Defining what is and isn’t eLearning!

Elearning is REALLY hard to define! Almost as hard to explain what makes excellent teaching – you often just know it when you see it and there are many facets to it.
In the early days of eLearning (and I like using a small ‘e’ – it makes the learning part the focus) the phrase was used to describe any type of classroom experience with an ‘e’lectric device. I think now, however, most would admit that an ‘eLearning’ pedagogy has emerged.
But how would you explain it? It is about creating, communicating and collaborating but I”ve designed a model that explains it as I see it.
The venn diagram below is my attempt to show three sides of this new pedagogy and how they can interact to form this emerging teaching practice.
(Click to enlarge) Download blank version pdf
The three parts are Social Construction, Feedback and the Digital Element. Any part of the learning experience could fit into one, two or even three parts of the venn. So blogging, for example, can be a digital element when a post is written by someone on their own but, when they work with a partner it has the social element. It then becomes part of the feedback element when the post receives a comment.

Here’s another example. A class is set an inquiry problem to redesign an outdoor area for their school that would benefit other students. They work in co-operative groups and research some solutions to the problem, based on what other students would like (Social Construction). After working through a technology design process that involved using Google Sketchup to design some plans and Skype (Digital Element) to interview a landscape designer they then build a garden for students to spend some quiet time in. They then take photos and a small video of their garden and post them to their blogs, asking for some ideas from other students in other schools about how they could improve the garden (Feedback).
This example is very close to an inquiry my class took part in last year – all except for the final part.
On the flip side, I think this venn could also be used to explain how a learning experience isn’t the best example of eLearning. Taking a photo and putting on a blog fits within the digital element. But, if the post gains some constructive comments then we have two of the elements.
I’d also suggest that for an experience to be truly an eLearning one then it would involve all three at some stage of the process.
What do you think?
Post script – I discovered two other ideas for what the ‘e’ could stand for in digging around for this post
‘e’nabling – the ability for the student to do things and putting them at the centre of the creating and learning.
‘e’verywhere learning. This is probably my favourite take on it, especially with the growing smart phone movement. It’s all about wireless and mobile!

Mobile devices – unlocking student potential!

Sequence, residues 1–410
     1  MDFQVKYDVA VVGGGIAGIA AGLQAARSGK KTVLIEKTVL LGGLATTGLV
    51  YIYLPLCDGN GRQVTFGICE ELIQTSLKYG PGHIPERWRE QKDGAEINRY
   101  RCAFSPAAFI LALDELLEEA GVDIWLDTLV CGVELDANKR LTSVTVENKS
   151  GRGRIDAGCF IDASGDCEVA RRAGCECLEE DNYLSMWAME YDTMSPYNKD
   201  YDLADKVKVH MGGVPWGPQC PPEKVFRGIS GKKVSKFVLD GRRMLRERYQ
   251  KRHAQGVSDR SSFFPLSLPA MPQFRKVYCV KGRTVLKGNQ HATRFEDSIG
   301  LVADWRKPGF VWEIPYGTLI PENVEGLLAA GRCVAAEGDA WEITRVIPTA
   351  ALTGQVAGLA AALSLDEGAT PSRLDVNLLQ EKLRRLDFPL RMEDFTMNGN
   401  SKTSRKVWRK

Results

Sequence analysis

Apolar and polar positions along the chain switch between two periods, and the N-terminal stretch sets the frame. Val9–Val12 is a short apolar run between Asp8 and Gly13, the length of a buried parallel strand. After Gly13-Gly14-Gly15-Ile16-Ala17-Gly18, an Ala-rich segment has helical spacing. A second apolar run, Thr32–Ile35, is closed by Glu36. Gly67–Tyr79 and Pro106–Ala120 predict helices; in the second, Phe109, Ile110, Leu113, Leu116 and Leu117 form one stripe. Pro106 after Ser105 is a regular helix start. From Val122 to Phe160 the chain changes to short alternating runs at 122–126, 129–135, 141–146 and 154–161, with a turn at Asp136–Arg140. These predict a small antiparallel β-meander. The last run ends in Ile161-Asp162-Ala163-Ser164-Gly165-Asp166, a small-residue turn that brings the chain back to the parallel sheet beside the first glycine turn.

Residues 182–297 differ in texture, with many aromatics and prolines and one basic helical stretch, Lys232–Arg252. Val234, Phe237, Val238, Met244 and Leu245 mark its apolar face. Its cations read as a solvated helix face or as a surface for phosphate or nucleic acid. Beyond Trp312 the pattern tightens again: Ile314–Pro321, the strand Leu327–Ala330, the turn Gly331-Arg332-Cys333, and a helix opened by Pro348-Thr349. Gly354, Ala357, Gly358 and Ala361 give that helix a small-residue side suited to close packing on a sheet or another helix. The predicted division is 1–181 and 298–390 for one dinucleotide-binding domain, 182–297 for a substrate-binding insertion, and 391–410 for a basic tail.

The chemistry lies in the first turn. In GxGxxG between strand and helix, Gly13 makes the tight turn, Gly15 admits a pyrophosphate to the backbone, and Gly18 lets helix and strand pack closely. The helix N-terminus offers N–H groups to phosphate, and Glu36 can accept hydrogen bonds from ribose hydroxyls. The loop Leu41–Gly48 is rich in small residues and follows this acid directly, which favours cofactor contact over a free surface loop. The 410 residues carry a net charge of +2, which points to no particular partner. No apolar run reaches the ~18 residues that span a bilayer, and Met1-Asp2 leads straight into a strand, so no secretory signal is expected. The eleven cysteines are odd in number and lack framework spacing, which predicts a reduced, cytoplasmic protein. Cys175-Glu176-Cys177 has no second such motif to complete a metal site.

This summer I entered the world of the mobile device. All I can say is, ‘Wow! This has been predicted as one of the technology trends to watch, according to the 2010 Horizon Report, k12 Edition. You can download the report here.
This is what they write about mobile devices.
“Mobiles represent an untapped resource for reaching students and for bridging the gap between the learning that happens in school and the learning that happens out in the world.”
The 2010 Horizon Report, K12 Edition, Page 7
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It’s the ‘…untapped resource for reaching students…’ that has my wheels spinning. I’ve got a Samsung GT 15800 and it’s amazing to suddenly have the online world at my finger tips, when ever I need it.
I’m sure I’ll be posting regularly about my new mobility but here is one application that I’ve been enjoying over the holidays – Google’s My Tracks app for android.
The video below, by Google, explains how to works a lot better than I could but, in a nut shell, it records your outdoor activity using GPS and transfers the data (using bluetooth) into your google apps account – mymaps and google docs. Here’s a map from my run this afternoon, with the altitude chart) and the google docs graph I can create using the data (this chart shown is comparing the average running speed) to the right.
Talk about motivation. Now I can start to compare the data from my runs over time and watch my progress. Another great feature is the ability to add information to my map using hash tags that others can search and find on google. We can discover where others are running and explore new trails – even get competitive… if that’s your style.
So, how can we use this app with our classes? One idea could be to give this to a student during our fitness run in the morning. I have a little belt bag that holds it (no I wouldn’t trust them to not drop the thing) and they could wear it, transfer the map and analyse the data. They could then repeat the process, after a few weeks of training, to see the improvement. There could even be a class incentive for improvement if a number of students improved their times and average speed.
Unlimited potential…indeed.
TOP TIP: – set your phone to flight mode before using the app. This will restrict the GPS from using any 3g capability (and draining your data) when tracking your progress. I’ve found that the GPS is incredibly accurate, even to the nearest couple of meters! Much more accurate thah when using the google maps, app…strange.